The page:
Fifth Sunday of Lent, Year A (in parishes doing R.C.I.A. scrutinies, any year), March 18, 2018
When Israel was exiled in Babylon, Ezekiel had to to tell them that things were going to get even worse, that they'd become like a desert valley filled with dried bones. But after that, the Lord would revive them and breathe the Spirit into them again. This is the hopeful conclusion of that dire prophecy.
Saint Paul teaches that to be "in the flesh" is to try to earn God's grace by our own merits, while being "in the spirit" means letting God give us that undeserved grace.
In Saint John's gospel, the raising of Lazarus starts the chain of events leading to Jesus' death and resurrection. John uses the story to remind early converts of the life-and-death consequences of choosing to follow Jesus.
Our Liturgical Setting: Lent is almost over, as is our Sunday-by-Sunday tour of the Saint John's gospel. There the tension mounts between Jesus and his enemies. Were we doing this for the first time in our lives, we would be asking, "Must Jesus die? Will he be raised?" Today's gospel, John 11:1-45, marks a dramatic raising of the stakes. The lector should read it first because it governs the choice of first and second reading.
The Historical Situation: In 597 BCE, an enemy army uprooted many of God's people and dragged them into slavery in Babylon, some 750 miles from their homeland. Thus began the period known as the Babylonian Captivity, or simply the Exile. The exiles' experience was painful, but Ezekiel's compatriots had been saying, "It's going to get better soon. We'll get to go home. This will all be over shortly." Ezekiel had to warn them that things were going to get much worse before they got better, that, due to their unfaithfulness, they had a fuller measure of suffering to endure. This came to pass when Nebuchadnezzar, king of Babylon, destroyed Jerusalem, the object of the exiles' longing, in 587. Their hopes died. Ezekiel utters his now famous vision of the dry bones (Ezekiel 37: 1-14) in this desolate context. Today's first reading is the conclusion of that passage.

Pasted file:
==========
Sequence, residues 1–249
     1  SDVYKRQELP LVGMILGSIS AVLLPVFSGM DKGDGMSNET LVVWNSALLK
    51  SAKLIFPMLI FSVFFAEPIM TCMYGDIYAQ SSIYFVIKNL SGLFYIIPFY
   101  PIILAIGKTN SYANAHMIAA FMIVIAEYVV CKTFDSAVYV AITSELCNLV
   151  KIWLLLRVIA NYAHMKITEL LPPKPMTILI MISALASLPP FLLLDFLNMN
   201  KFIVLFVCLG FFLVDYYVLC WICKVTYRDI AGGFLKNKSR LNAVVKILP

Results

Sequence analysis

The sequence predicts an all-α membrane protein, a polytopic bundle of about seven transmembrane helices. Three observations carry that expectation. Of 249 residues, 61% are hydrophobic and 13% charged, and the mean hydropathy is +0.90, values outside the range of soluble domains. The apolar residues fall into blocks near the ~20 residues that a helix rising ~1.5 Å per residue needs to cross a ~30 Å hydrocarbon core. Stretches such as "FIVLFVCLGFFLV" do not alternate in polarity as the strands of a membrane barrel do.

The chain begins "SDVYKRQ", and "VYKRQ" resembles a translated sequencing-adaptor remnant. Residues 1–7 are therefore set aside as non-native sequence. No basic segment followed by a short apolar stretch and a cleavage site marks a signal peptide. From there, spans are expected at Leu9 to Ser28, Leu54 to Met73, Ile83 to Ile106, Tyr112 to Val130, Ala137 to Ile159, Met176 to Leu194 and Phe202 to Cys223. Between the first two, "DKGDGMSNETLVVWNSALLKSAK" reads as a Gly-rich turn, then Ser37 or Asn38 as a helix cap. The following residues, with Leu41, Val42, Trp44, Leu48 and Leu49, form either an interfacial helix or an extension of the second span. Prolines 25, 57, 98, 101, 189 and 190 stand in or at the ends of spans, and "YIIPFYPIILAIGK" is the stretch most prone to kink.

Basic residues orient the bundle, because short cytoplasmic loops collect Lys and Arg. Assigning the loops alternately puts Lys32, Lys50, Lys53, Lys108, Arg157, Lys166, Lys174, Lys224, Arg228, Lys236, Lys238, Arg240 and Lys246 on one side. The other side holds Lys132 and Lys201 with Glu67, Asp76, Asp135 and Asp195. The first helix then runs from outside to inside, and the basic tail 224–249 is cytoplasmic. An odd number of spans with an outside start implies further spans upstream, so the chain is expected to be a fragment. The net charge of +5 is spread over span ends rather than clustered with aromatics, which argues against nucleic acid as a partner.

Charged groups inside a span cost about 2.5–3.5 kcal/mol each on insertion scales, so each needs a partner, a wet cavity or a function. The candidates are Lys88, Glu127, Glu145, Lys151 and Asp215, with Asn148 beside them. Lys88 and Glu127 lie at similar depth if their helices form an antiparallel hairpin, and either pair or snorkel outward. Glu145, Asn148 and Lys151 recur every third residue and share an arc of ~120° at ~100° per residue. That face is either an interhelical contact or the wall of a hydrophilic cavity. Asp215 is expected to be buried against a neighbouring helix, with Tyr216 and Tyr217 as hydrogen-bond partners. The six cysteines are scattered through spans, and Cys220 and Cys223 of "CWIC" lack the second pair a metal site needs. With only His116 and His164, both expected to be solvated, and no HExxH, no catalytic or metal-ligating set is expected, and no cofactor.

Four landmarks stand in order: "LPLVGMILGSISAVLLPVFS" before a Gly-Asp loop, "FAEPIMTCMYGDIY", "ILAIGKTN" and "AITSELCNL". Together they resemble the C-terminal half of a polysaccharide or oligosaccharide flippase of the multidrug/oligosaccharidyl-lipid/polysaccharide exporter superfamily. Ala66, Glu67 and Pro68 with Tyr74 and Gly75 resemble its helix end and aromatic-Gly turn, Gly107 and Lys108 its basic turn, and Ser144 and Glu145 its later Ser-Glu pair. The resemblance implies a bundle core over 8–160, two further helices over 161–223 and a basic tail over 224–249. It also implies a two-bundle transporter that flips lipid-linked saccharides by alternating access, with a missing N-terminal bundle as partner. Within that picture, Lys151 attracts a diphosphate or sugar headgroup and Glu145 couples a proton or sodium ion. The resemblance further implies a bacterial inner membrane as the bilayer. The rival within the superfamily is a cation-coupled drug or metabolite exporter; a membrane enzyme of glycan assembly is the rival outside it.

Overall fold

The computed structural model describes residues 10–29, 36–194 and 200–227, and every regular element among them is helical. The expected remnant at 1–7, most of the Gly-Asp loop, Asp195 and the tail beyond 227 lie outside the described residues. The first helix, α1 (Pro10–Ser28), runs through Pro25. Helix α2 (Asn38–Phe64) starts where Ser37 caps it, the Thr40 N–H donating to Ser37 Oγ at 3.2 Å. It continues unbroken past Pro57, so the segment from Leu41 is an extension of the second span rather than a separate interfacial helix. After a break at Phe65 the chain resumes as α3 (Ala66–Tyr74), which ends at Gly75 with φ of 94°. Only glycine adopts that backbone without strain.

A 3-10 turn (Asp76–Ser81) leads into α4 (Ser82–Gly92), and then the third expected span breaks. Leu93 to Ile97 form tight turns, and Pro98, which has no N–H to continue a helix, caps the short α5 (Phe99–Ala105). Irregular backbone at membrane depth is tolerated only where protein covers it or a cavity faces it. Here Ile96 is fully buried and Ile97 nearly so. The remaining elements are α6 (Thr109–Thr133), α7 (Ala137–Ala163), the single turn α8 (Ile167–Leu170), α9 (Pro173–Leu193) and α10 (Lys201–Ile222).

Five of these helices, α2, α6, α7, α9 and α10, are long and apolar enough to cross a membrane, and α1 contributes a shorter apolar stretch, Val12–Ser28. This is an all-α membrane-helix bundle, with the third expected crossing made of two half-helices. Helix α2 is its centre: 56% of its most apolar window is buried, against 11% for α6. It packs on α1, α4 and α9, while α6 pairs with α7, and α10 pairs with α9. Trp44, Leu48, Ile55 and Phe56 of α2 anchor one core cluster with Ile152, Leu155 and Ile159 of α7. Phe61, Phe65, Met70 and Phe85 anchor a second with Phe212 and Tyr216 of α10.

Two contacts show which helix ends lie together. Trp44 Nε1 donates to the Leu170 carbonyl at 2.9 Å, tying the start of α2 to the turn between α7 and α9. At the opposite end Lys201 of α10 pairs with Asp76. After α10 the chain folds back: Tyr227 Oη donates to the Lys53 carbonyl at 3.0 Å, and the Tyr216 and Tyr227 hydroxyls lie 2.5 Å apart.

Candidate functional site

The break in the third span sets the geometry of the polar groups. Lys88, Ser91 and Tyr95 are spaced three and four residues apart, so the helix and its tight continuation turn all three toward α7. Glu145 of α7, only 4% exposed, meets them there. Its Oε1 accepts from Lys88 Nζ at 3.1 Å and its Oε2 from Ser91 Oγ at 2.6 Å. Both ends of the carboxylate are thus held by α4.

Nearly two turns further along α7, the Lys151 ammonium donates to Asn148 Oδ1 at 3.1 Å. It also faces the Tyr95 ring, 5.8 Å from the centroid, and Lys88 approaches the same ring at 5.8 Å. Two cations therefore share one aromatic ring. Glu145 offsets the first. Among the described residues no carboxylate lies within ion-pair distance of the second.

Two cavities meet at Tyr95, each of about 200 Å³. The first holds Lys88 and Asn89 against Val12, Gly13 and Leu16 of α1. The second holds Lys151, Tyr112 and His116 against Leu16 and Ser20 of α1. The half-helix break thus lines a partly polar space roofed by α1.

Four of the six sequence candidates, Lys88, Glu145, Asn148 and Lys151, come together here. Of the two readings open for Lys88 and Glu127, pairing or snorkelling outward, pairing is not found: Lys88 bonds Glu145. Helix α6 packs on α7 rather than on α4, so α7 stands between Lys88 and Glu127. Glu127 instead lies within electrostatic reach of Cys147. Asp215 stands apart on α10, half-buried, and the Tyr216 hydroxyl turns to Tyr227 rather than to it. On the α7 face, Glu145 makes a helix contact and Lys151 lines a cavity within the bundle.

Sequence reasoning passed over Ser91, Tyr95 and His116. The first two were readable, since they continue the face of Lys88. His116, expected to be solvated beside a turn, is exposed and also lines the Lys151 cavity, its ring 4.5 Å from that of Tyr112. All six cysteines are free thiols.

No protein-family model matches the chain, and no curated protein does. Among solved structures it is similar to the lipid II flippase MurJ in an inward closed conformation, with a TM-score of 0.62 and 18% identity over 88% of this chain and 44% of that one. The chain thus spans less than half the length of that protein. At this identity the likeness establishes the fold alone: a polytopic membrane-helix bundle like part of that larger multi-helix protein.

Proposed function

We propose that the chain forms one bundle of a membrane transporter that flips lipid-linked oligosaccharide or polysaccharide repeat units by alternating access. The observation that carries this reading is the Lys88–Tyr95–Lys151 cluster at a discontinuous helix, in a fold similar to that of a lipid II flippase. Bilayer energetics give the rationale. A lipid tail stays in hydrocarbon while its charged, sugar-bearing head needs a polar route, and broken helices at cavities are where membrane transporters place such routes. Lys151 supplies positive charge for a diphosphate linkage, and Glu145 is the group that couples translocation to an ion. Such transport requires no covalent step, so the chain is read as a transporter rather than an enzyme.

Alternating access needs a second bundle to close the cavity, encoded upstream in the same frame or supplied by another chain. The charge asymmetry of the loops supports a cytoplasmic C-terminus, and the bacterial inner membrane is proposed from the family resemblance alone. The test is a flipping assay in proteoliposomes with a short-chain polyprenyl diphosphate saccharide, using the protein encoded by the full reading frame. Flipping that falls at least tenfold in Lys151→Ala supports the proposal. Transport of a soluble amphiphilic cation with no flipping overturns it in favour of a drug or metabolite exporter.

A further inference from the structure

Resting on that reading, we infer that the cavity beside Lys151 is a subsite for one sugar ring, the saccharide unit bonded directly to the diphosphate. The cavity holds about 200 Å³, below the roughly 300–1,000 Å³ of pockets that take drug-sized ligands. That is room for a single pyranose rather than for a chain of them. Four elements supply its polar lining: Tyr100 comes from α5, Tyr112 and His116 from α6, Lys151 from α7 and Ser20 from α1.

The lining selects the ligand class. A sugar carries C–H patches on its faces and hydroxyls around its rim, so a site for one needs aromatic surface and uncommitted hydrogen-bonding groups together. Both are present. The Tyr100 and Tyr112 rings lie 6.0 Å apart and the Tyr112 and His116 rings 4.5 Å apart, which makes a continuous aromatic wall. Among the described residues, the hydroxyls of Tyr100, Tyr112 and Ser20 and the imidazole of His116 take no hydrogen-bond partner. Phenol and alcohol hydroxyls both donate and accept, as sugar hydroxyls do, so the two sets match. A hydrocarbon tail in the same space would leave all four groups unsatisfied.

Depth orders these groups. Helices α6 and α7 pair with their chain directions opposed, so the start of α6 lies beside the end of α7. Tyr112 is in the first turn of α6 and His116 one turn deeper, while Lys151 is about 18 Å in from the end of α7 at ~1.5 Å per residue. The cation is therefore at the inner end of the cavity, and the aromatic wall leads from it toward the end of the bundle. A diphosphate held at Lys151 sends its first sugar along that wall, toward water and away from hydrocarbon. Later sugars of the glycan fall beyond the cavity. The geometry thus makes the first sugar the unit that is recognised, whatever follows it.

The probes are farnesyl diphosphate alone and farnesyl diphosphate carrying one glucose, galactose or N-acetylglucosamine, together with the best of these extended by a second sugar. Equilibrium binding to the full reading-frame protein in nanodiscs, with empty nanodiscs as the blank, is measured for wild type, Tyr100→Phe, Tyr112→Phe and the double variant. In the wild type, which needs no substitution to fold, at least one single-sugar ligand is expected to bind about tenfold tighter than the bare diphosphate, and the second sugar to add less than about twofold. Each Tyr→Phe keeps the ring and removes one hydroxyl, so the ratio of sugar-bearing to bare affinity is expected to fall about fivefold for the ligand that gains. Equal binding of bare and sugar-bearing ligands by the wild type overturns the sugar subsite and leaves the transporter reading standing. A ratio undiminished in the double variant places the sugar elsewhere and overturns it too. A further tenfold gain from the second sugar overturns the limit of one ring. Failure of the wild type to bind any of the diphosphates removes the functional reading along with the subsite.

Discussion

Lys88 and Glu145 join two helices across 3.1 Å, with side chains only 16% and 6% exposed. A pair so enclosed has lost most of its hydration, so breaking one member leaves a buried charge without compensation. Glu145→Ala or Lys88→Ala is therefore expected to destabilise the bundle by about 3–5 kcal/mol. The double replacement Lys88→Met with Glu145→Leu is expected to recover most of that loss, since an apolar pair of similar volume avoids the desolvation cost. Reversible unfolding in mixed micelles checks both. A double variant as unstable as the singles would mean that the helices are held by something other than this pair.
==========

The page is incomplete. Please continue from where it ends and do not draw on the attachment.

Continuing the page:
Proclaiming It: Given the depths of the people's despair, the Lord's promise of restoration and life is all the more bold. That's what the lector has to get across rhetorically. Make the last sentence stand out by pausing before it, then punch it out with utter confidence:
I have promised, and I will do it, says the Lord.
The Theological Background: Commentators have filled shelves with books about the meaning of "in the flesh" versus "in the spirit." In my opinion, the simplest and best explanation, and one consistent with the rest of Saint Paul's teaching, is that we're in the flesh to the extent that we try to save ourselves, earning salvation by our own works, by how well we keep rules, etc. That's proud and futile. Rather we're called to be in the spirit, to let the Spirit dwell in us, sanctifying us not by our works but by the undeserved grace of God, the only power capable of bringing life from death.
Ambitious readers can profitably savor Chapter 16: The Witness of the Spirit to the Spirit, in Paul Tillich's 20th-century masterpiece, The Shaking of the Foundations. He takes up the question of flesh and spirit most eloquently and convincingly.
Proclaiming It: Reading this to a congregation is challenging, especially where the sentences are long. Try to break up the long sentences into sense lines, pausing briefly where that will help the listeners follow. Vary your tone of voice to bring out the contrasts between life and death, spirit and flesh, righteousness and sin.
Mike Holdinghaus, American, 1951- ; Untitled, acrylic on Masonite, iPhoto. See the artist's photo of the work in a larger version on his Facebook page.
This page updated January 28, 2018